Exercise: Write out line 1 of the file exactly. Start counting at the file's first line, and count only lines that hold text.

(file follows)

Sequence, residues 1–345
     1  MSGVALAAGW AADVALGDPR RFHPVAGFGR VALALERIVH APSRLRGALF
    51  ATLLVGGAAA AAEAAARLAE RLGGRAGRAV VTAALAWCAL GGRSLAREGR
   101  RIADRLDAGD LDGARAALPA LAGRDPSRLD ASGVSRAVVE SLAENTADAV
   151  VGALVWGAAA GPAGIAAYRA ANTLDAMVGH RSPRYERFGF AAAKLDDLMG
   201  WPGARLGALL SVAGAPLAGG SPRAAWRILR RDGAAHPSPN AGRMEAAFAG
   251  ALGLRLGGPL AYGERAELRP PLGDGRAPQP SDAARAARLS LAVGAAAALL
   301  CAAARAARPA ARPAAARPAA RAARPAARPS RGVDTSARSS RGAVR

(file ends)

Sequence, residues 1–345